0157 2803 Ground Pattern Performance of the California Department of Forestry Bell S205 Helicopter with the 300-Gallon Sims Rainmaker Collapsible Helibucket
0057 2868 Drop Testing Airtankers: A Discussion of the Cup-and-Grid Method
0057 2866 Ground Pattern Performance of the Columbia BV-234 Helicopter Using the Modified 3000-Gallon Griffith Big Dipper Helibucket
0057 2865 Ground Pattern Performance of the Columbia BV-107 Helicopter Using the 1000-Gallon Griffith Big Dipper Helibucket
0057 2863 Ground Pattern Performance of the LA County Bell S205 Helicopter With Sheetcraft Fixed Tank
0057 2852 Ground Pattern Performance of the Snow Air Tractor with Constant Flow Tank
0057 2851 Ground Pattern Performance Airspray Electra L-188 With Aero Union Constant Flow Tank
0057 2850 Ground Pattern Performance of the Erickson Air Crane
0057 2849 Ground Pattern Performance of the Aero Union SP-2H
0057 2848 Ground Pattern Performance of the Neptune P2V-7 Airtanker
0057 2836 Ground Pattern Performance of the Ayres Turbo Thrush with Standard Fire Door
0057 2835 Ground Pattern Performance of the Marsh Turbo Thrush
0057 2834 Ground Pattern Performance of the Western Pilot Services Dromader
0057 2829 Ground Pattern Performance of the Griffith Big Dipper Model 100 Helibucket
0057 2816 Ground Pattern Performance of the Simms Rainmaker 2000-Gallon Helibucket
0057 2802 Ground Pattern Performance of the SEI Industries Bambi 324-Gallon Helibucket
9957 2850 Ground Pattern Performance of the 2000-Gallon Sims Helibucket

You may also order drop guides by contacting Emily Ranf, MTDC Publications:

Phone: 406-329-3978
Fax: 406-329-3719
E-mail: eranf@fs.fed.us

Monitoring Smoke Particulates

Smoke Particulate Monitors
Prescribed burns in forests and on rangelands pose potential health and safety problems. Measuring concentrations of airborne particulate is increasingly important as land managers use this method of reducing fuels.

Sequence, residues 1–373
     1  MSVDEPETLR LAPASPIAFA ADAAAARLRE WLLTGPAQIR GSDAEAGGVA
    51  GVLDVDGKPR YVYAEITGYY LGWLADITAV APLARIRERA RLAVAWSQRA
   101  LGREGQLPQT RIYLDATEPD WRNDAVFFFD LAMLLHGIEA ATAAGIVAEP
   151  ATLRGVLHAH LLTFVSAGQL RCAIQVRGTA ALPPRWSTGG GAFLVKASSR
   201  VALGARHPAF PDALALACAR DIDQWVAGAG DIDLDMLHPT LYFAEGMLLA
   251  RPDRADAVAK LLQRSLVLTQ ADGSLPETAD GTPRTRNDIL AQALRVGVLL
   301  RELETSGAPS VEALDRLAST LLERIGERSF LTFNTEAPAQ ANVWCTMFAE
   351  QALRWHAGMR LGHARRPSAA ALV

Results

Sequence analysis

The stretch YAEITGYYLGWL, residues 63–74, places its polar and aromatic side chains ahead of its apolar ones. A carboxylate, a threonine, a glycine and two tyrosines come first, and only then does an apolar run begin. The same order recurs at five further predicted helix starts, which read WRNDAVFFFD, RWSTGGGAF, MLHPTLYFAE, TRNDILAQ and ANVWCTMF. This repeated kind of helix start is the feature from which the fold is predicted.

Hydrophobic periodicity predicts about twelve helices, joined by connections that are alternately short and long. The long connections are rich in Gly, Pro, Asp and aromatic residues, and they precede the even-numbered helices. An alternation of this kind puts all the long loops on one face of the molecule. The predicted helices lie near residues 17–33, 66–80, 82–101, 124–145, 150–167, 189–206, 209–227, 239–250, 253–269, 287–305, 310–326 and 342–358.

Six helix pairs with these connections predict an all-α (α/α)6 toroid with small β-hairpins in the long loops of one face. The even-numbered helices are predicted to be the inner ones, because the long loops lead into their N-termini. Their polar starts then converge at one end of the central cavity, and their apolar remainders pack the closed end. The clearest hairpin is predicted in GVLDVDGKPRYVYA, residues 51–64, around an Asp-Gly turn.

The Missoula Technology and Development Center has completed an evaluation of commercially available optical instruments that measure particulate concentrations in real time. The results of this study were published in: Evaluations of Optical Instruments for Real-Time Continuous Monitoring of Smoke Particulates (0025-2860-MTDC).

The key items MTDC evaluated were accuracy, reliability, and portability. Other characteristics that contribute to the ease of setup and operation were also evaluated. Optical instruments were selected because they offered the best real-time continuous smoke sampling at a reasonable cost. The data were collected in four distinct experiments with two Federal Reference Method monitors used as a standard. Two experiments were conducted in a smoke chamber where pine needles were burned in a flaming and in a smoldering state. The other two experiments were conducted in ambient conditions near forest fires.

Forest Service and Bureau of Land Management employees may order the smoke monitoring report electronically over the FSWeb using the following form:

OrderPub NumberTitle
0025 2860 Evaluation of Optical Instruments for Real-Time Continuous Monitoring of Smoke Particulates

You may also order this report by contacting Emily Ranf, MTDC Publications:

Phone: 406-329-3978
Fax: 406-329-3719
E-mail: eranf@fs.fed.us

MTDC Facility Toolbox for Managers Web Site
Facility Toolbox for Managers